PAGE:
Lawyer for the 'Q Shaman' who stormed the Capitol in a fur headdress with horns says his client feels 'duped' after Trump didn't pardon him

Sophia Ankel
·4 min read
Qanon shaman viking riot capitol
Jake Angeli, the "Q Shaman," was one of several protestors to confront Capitol police officers at the US Capitol on January 6, 2021, in Washington, DC. - Demonstrators breeched security and entered the Capitol as Congress debated the a 2020 presidential election Electoral Vote Certification. SAUL LOEB/AFP via Getty Images
  • A man known as the "Q Shaman" who stormed the Capitol says he feels "duped" after Trump didn't pardon him.

  • Jacob A. Chansley was arrested and charged earlier this month in connection with the Capitol riots.

  • His lawyer blamed Trump for "motivating" the mob to march on the Capitol building.

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Related: What it was like in the middle of the pro-Trump mob at the Capitol

A far-right Arizona conspiracy theorist known as "QAnon Shaman," who stormed the Capitol in a fur headdress with horns, says he feels "duped" by Trump after the former president didn't pardon him, his lawyer has said.

Jake Angeli, whose real name is Jacob A. Chansley, was arrested and charged earlier this month in connection with the Capitol riots, which resulted in the deaths of five people, including a police officer.

Speaking to local television station KSDK on Thursday, Chansley's lawyer Al Watkins said that his client had expected to be pardoned by Trump but that he has now realized he'd been "duped."

"He regrets very, very much having not just been duped by the president, but by being in a position where he allowed that duping to put him in a position to make decisions he should not have made," Watkins said, according to Law & Crime.

Read more: The right-wing conspiracy theories that fueled the Capitol siege are going to instigate more violence

"As to my client, the guy with the horns and the fur, the meditation, and organic food...I'm telling you that we cannot simply wave a magic wand and label all these people on January 6 the same," he added.

Watkins' comment about organic food is a reference to a statement made by Chansley's mother at his first federal court hearing, where she said that her son had refused to eat while in custody because he "gets very sick if he doesn't eat organic food."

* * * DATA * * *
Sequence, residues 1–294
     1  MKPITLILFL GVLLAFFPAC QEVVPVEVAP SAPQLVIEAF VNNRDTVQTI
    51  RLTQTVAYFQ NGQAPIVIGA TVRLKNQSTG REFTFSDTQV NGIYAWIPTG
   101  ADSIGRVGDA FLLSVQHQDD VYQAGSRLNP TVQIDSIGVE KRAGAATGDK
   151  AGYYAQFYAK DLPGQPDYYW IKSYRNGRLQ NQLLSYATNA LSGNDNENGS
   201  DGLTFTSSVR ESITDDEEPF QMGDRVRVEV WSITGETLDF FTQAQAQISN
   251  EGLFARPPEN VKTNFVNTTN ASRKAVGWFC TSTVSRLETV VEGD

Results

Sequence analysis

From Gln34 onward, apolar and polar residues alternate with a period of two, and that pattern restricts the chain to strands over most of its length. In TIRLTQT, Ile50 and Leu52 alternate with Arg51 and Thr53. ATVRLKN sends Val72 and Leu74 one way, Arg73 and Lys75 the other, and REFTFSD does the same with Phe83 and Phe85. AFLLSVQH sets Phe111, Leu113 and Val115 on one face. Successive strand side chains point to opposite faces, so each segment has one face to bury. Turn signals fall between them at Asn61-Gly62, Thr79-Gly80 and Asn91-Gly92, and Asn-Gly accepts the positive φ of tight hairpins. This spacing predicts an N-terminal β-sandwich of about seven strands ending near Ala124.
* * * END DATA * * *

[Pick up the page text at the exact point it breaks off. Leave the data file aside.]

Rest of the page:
It is not known whether Chansley has stopped his hunger strike or not.

Watkins also seemed to blame Trump for what he said were "months of lies" and "misrepresentations" that were "designed to inflame, enrage, and motivate" the mob on January 6, according to Law & Crime.

Trump told his supporters before the deadly events unfolded that "we're going to walk down, and I'll be there with you," with reference made to the Capitol building immediately following those remarks.

"What's really curious is the reality that our president, as a matter of public record, invited these individuals, as President, to walk down to the Capitol with him," Watkins said.

"We're talking about not - not just the guy with the horns and the hair, the tattoos and the bare chest - the Shaman - we're talking about thousands of people. They felt - they heard - the message to them, from their president, was: 'we're going to walk down to the Capitol,'" he added.

Chansley, who is from Phoenix, Arizona, served in the US Navy between 2005 and 2007. Known for wearing red, white, and blue face paint and a horned helmet, the veteran become a notable figure in the QAnon conspiracy-theory movement.

On the day of the Capitol riot, Chansley took photos on the Senate dais and marched around with a megaphone, confronting police officers. The FBI was able to identify him by his distinct tattoos and arrested him three days later.

Angeli told NBC News that he felt he had done nothing wrong in the immediate aftermath of the riots.

"I walked through an open door, dude," Angeli said, according to NBC News.

Chansey remains in federal custody in Arizona and is being held in a quarantine section of a detention facility. He has been charged with disorderly conduct, violent entry, and illegally being on restricted spaces within the Capitol grounds.

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